When relationships go wrong
It’s no laughing matter when relationships with your home staff go bad. Have a think about the following case, when and if you are considering hiring someone to help out around the home, be it to look after the kids, do a bit of gardening or clean the house. In the case of Fisher v O’Brien, Mrs O’Brien thought she had agreed to allow Ms Fisher to try picking her five children up from school to ascertain whether she needed any assistance on an ongoing basis. Ms Fisher, on the other hand, thought she was being employed as a nanny on a part time basis. The children didn’t like Ms Fisher and things were not going well. One night, Ms Fisher was looking after the children while Mr and Mrs O’Brien went out for dinner with friends. The dinner was interrupted by telephone calls from Ms Fisher and one of the children. This was really the last straw and Mrs O’Brien decided things were just not working out. The Employment Relations Authority was satisfied that the work with respect to looking after the children was “casual” in nature and Mrs O’Brien was able to bring that work to an end. However, during the relationship, Mrs O’Brien suggested Ms Fisher also take over from her cleaner. This was accepted and every Monday Ms Fisher undertook the house cleaning duties for Ms O’Brien. The Authority, relying on well settled principals that employment relationships may change over time, concluded that when Ms Fisher commenced the regular cleaning work her employment relationship changed from casual to ongoing part-time employment. Given that, Mrs O’Brien was not able to simply terminate the relationship when it all went wrong. Mrs O’Brien was an individual with no knowledge of employment law, however, the old adage that “ignorance is no excuse” came into play and Mrs O’Brien was ordered to pay remedies of $5,779.00 to Ms Fisher for an unjustified dismissal.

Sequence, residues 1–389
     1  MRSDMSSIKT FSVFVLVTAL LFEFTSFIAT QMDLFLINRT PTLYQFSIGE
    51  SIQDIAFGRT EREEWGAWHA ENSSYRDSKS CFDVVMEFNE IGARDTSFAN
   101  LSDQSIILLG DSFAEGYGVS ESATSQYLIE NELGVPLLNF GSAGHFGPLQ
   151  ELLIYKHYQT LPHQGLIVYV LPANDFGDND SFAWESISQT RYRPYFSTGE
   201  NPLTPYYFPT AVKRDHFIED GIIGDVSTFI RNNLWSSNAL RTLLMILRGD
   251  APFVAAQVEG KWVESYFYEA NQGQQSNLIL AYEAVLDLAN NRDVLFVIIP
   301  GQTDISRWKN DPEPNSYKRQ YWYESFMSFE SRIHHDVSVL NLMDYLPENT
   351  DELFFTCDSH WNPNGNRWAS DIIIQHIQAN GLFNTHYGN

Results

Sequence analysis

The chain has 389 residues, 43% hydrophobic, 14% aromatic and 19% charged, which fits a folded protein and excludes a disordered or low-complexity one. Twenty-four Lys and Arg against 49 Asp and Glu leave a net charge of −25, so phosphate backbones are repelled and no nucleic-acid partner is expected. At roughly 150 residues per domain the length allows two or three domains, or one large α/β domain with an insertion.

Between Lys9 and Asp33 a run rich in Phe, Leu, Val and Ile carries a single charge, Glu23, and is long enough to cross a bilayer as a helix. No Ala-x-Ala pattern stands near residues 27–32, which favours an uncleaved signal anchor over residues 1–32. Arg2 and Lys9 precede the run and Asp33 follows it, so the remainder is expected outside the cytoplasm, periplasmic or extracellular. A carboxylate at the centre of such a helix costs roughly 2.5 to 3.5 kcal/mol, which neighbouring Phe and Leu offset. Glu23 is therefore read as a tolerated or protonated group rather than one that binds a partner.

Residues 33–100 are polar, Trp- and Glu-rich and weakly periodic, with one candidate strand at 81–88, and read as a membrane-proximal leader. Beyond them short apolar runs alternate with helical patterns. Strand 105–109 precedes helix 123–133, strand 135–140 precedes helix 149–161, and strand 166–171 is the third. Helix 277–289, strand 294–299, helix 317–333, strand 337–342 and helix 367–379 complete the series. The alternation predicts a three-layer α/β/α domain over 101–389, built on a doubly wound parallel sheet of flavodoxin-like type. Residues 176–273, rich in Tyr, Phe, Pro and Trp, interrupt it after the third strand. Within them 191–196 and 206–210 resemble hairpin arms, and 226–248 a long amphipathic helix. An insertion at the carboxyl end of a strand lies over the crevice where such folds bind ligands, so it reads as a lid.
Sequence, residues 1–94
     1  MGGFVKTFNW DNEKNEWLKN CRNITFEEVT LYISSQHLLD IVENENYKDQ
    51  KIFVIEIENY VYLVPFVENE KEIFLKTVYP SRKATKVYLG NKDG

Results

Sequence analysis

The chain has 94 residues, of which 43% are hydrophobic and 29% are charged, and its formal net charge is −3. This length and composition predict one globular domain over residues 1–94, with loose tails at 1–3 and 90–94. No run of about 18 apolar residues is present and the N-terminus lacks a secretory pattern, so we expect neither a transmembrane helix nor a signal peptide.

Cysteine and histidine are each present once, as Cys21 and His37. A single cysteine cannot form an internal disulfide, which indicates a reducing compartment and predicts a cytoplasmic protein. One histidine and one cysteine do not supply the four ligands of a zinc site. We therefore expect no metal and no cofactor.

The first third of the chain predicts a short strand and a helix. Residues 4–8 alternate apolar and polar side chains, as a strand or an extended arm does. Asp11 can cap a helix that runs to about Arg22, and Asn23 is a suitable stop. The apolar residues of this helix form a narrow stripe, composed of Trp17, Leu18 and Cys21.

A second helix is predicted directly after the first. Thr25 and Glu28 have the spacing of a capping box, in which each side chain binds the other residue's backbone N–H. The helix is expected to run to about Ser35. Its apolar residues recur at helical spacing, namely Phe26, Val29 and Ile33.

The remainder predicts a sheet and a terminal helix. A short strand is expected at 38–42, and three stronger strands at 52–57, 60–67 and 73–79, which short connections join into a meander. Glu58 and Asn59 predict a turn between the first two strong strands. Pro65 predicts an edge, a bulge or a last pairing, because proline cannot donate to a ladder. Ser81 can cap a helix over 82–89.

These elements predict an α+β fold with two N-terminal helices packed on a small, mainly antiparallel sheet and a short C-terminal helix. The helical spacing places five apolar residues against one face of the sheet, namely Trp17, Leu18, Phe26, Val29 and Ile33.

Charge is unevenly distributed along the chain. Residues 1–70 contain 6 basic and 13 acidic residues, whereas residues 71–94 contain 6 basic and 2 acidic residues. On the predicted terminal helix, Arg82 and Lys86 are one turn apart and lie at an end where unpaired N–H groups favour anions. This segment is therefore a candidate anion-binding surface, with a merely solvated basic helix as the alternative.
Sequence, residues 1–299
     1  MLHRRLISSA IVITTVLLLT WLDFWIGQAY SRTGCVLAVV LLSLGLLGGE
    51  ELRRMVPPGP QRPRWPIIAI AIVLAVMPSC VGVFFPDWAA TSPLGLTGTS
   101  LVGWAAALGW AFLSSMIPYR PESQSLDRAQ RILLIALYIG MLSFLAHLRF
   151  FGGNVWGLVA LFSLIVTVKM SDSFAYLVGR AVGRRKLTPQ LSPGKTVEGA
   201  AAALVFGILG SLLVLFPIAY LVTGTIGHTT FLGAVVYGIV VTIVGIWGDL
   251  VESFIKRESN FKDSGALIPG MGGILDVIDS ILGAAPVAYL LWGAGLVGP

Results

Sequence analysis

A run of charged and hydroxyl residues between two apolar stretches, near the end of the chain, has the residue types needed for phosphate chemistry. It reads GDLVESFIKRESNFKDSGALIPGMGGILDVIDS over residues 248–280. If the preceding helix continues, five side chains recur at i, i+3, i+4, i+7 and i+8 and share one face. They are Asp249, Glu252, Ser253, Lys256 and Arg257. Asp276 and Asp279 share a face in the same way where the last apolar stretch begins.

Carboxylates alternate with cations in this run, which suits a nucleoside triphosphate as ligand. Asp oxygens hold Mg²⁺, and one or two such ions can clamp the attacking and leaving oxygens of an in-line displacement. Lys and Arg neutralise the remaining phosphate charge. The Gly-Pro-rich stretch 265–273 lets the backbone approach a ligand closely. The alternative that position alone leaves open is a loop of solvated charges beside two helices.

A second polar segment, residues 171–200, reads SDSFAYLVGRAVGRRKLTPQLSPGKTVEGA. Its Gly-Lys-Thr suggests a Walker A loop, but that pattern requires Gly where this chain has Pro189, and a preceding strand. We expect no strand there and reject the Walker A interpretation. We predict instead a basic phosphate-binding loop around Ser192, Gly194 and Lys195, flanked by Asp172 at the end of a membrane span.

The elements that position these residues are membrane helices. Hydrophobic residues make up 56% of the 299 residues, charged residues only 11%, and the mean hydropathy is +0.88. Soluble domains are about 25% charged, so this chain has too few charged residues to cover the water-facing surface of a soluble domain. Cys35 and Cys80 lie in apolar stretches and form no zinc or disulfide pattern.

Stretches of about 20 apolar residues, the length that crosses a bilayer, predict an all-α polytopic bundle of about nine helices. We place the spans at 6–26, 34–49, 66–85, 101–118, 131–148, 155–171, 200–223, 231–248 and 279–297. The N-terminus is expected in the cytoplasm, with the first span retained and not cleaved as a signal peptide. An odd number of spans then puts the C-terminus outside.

But wait there’s more! Because of the finding that Ms Fisher was an employee, the issue of holiday pay needed to be addressed as no holiday pay had been paid to her when the relationship ended. This case demonstrates the importance of the parties discussing their arrangements and putting these in writing from the outset. The Employment Relations Act requires all employers to provide written employment agreements to their employees. Breaches of this requirement may attract penalties of up to $10,000 for an individual and $20,000 to a company. Perhaps luckily for Mrs O’Brien, Ms Fisher did not seek any penalties for Mrs O’Brien’s breach of the Act for having no written agreement in place! The lesson is to ensure that before you commit to engaging any home help – make sure the terms are clear irrespective of whether the person is being engaged as an employee or as a contractor. Not sure or need help? Call our Employment Specialist Vicki Campbell at Tompkins Wake Lawyers on her direct dial 07 838 6034.